'Father, before He knew her, Julian had already plighted his vows to a Bride most fair, most heavenly! Yet still my Sister loved, and for the Husband's sake She doted upon the Wife. One morning She found means to escape from our Father's House: Arrayed in humble weeds She offered herself as a Domestic to the Consort of her Beloved, and was accepted. She was now continually in his presence: She strove to ingratiate herself into his favour: She succeeded. Her attentions attracted Julian's notice; The virtuous are ever grateful, and He distinguished Matilda above the rest of her Companions.'
'And did not your Parents seek for her? Did they submit tamely to their loss, nor attempt to recover their wandering Daughter?'
'Ere they could find her, She discovered herself. Her love grew too violent for concealment; Yet She wished not for Julian's person, She ambitioned but a share of his heart. In an unguarded moment She confessed her affection. What was the return? Doating upon his Wife, and believing that a look of pity bestowed upon another was a theft from what He owed to her, He drove Matilda from his presence. He forbad her ever again appearing before him. His severity broke her heart: She returned to her Father's, and in a few Months after was carried to her Grave.'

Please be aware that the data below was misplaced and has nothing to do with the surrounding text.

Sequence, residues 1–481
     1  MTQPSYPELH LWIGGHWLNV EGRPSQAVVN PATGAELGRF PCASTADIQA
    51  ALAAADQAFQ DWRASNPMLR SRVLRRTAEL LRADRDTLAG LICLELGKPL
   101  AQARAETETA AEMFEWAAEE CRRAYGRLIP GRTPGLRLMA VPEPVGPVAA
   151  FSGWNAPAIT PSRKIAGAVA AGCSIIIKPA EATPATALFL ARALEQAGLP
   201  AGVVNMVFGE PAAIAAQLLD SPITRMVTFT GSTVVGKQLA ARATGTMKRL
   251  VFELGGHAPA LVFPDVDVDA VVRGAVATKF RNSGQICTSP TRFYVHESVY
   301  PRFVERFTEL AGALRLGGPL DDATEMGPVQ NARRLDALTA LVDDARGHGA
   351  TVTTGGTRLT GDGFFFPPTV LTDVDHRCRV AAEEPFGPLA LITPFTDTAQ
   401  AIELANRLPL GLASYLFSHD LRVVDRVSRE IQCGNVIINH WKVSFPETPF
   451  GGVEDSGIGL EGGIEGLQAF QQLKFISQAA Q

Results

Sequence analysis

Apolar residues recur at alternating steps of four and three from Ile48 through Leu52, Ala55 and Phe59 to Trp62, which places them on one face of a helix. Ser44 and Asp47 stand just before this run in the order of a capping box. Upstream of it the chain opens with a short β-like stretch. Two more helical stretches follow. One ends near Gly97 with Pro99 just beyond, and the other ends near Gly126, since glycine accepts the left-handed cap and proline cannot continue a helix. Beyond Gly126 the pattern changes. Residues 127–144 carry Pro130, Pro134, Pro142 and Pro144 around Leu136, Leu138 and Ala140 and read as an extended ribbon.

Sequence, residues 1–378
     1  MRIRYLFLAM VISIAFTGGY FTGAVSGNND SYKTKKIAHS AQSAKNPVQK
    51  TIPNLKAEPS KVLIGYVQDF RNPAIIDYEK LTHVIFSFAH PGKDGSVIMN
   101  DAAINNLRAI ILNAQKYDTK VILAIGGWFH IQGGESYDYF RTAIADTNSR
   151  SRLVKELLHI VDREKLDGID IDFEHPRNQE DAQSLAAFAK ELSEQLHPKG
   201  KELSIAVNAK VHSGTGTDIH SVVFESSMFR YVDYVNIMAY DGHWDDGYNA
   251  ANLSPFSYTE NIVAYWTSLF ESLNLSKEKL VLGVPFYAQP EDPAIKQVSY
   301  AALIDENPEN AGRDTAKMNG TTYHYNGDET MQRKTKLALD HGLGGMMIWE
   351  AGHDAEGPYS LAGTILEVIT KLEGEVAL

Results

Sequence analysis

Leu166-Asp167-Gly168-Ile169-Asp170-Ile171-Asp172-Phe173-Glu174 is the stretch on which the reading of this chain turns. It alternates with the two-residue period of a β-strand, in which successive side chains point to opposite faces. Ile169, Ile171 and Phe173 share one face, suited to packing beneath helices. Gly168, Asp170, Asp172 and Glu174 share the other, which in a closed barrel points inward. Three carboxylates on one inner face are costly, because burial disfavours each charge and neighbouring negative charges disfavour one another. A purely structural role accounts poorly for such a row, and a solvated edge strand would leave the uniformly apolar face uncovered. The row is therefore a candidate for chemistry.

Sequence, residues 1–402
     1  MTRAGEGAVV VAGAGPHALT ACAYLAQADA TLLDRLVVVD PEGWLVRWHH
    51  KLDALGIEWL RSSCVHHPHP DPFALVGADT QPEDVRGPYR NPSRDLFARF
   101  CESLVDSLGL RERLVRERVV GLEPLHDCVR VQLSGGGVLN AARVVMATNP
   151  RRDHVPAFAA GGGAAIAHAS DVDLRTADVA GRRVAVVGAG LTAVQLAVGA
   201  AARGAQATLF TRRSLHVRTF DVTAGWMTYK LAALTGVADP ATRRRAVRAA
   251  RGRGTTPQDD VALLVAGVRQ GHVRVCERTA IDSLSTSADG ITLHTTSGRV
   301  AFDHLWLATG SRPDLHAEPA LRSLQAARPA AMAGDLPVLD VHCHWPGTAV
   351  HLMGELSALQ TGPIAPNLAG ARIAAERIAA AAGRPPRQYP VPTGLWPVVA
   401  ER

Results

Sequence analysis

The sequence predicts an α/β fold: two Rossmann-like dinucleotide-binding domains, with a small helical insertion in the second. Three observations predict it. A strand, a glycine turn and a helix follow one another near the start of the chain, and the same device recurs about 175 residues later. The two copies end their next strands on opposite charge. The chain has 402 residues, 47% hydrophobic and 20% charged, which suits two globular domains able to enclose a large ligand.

'Unhappy Girl! Surely her fate was too severe, and Julian was too cruel.'
'Do you think so, Father?' cried the Novice with vivacity; 'Do you think that He was cruel?'
'Doubtless I do, and pity her most sincerely.'
'You pity her? You pity her? Oh! Father! Father! Then pity me!'
The Friar started; when after a moment's pause Rosario added with a faltering voice,—'for my sufferings are still greater. My Sister had a Friend, a real Friend, who pitied the acuteness of her feelings, nor reproached her with her inability to repress them. I ...! I have no Friend! The whole wide world cannot furnish an heart that is willing to participate in the sorrows of mine!'
As He uttered these words, He sobbed audibly. The Friar was affected. He took Rosario's hand, and pressed it with tenderness.